Ramin Bahrani has become an established name in the film-world for modern throwbacks to European art cinema, particularly neo-realism with works like Chop Shop and Goodbye Solo. His newest drama, At Any Price, represents a major departure. In his past filmography a slice-of-life-realism was in script terms created through subtle plotting and characterization, as well as through form with improvisation and non-professional actors. With his newest though, comes a script full of broad strokes and the casting of big-name stars. But is his reach for some kind of classicism grandly successful or a staggering failure? The end result lies somewhere in between.
Henry Whipple (Dennis Quaid, fully playing up that he’s supposed to be a farmer) is attempting to carry on the family’s name as a force in Iowa’s corn business, but the farm is under serious financial strain while facing the rivalry of Jim Johnson (Clancy Brown). Henry’s two sons also clearly have aspirations outside of farming, with the oldest having already moved out to see the world and the other Dean (Zac Efron), has dreams of being a NASCAR driver.
The drama essentially boils down to the father/son relationship, as most of their actions are mirrored in some way. Jim Johnson’s son Brad also serves as a rival to Dean, and the same woman, Meredith (Heather Graham) interferes in both their perfectly happy respective relationships. But in the third act it comes down to an irreversible act by one of them, that establishes amongst the American turmoil there will always be a deep love one feels for the other.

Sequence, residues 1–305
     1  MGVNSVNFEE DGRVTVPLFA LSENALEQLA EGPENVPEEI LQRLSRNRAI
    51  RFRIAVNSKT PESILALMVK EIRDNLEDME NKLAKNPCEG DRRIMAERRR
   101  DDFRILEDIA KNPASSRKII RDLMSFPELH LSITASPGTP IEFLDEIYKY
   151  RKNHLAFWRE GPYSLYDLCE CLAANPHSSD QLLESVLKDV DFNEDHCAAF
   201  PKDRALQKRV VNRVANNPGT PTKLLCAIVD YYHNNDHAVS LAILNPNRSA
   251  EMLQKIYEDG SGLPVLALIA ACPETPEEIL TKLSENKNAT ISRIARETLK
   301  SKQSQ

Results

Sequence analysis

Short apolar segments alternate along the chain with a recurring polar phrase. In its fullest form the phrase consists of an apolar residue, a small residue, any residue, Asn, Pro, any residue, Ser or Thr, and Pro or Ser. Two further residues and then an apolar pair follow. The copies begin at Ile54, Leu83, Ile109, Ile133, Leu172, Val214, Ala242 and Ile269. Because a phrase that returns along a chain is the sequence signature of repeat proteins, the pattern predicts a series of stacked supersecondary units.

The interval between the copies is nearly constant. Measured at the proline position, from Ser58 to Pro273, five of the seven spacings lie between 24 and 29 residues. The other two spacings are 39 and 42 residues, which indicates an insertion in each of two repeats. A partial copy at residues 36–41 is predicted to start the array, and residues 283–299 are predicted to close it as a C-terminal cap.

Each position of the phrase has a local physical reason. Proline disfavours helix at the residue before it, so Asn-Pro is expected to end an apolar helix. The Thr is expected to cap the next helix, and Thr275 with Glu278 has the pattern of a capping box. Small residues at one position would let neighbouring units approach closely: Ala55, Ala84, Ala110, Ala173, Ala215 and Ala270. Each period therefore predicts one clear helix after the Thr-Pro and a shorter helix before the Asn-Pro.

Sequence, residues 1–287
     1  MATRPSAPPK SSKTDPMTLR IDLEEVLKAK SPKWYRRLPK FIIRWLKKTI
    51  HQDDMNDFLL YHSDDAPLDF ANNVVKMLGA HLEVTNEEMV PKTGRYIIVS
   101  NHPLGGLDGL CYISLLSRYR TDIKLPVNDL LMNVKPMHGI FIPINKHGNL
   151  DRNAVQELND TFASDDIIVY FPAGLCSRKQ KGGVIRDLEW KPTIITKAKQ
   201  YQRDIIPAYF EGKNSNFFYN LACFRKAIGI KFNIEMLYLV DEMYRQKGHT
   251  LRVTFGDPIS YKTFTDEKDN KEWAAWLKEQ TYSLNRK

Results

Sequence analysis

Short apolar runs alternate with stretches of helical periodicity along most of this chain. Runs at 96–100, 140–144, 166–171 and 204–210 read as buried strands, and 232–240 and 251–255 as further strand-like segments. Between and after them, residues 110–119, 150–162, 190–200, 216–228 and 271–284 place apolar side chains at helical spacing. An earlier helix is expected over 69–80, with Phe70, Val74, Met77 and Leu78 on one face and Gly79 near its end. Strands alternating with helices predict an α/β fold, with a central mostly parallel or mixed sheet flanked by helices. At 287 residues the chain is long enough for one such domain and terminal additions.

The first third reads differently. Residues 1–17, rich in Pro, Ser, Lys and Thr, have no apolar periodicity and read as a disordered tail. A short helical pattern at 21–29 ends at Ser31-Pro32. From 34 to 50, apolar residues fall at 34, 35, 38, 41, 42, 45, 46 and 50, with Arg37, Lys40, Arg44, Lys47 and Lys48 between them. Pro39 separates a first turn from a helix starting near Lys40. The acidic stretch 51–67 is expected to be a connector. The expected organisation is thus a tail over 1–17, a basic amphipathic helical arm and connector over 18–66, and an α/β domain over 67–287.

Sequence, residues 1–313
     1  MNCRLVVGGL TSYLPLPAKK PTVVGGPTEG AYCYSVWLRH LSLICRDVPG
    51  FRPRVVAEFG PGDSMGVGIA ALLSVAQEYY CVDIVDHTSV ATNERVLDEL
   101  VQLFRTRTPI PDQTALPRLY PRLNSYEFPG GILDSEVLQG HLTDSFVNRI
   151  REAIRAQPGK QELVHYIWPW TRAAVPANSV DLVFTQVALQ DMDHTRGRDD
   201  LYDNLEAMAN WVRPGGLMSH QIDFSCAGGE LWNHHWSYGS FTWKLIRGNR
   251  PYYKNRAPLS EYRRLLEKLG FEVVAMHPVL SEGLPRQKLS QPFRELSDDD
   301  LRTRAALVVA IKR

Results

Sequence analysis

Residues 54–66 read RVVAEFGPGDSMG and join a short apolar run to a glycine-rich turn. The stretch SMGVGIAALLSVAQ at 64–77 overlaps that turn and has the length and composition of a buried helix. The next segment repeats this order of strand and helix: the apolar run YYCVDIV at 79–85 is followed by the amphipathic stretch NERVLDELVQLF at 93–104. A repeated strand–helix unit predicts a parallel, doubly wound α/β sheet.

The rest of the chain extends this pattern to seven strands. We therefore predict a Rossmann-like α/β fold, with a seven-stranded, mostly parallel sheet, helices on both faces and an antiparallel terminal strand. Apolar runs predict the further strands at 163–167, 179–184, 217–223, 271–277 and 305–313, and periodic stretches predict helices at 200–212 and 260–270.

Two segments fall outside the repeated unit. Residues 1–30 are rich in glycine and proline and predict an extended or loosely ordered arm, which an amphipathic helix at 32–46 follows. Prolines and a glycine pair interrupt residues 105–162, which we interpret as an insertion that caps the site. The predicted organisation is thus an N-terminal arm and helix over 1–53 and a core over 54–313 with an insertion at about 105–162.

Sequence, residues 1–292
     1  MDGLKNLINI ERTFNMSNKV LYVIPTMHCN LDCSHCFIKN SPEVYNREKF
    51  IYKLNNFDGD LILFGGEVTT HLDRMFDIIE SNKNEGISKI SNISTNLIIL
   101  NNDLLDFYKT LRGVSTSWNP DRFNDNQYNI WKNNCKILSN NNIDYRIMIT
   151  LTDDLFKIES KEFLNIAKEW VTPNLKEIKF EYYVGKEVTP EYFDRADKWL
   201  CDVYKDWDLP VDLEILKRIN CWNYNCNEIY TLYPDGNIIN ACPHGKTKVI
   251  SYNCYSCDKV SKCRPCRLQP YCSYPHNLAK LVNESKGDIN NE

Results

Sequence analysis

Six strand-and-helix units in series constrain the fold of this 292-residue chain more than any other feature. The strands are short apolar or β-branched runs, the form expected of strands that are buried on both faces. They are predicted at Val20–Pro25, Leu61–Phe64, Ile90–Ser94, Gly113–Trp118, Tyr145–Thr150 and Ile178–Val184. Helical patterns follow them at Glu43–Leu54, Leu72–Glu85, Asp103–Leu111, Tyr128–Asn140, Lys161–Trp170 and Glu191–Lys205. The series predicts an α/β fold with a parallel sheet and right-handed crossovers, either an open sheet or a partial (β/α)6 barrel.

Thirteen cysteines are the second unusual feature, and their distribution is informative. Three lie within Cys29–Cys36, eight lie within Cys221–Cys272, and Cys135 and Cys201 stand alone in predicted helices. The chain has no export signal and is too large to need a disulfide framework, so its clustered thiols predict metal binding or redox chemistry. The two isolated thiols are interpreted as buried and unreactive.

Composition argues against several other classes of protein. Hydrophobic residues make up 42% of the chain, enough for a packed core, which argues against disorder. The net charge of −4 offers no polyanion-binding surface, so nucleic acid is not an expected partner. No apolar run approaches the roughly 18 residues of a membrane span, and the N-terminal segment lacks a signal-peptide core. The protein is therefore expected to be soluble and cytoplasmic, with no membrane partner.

This set-up is rich with potential for a classical Hollywood throwback. While it’s still set in contemporary times and attempts to capture the emotions and struggles of now, its setting of America’s heartland as well as themes concerning family, rivalry and the American dream instantly chalk up memories of earnest, emotionally charged dialogue and performances against compositions of livestock-dominated fields. But there lies a conflict between content and execution.
At Any Price basically screams out to be a melodrama, and Bahrani just doesn’t seem interested in that. His mise-en-scene is rather confined, often focusing on faces and every once in awhile giving an arbitrary widescreen composition. There’s a rather unfortunate instance of this in a crowd scene where he lingers on faces of the Iowan citizens as they awkward recite the national anthem, to a point that they’re rendered yokels. Perhaps it’s meant to be honest, but it comes off as condescending.
The lack of an expressive quality is what ultimately sinks the film, making the drama ultimately kind of cheesy. While Bahrani is certainly invested in what these people face (supported by a shockingly earnest plea during his intro for the film), it represents a problem in that ultimately he respects it to much to sensationalize, or rather heighten it. An even ground between minimalist sensibilities and grand drama is never found.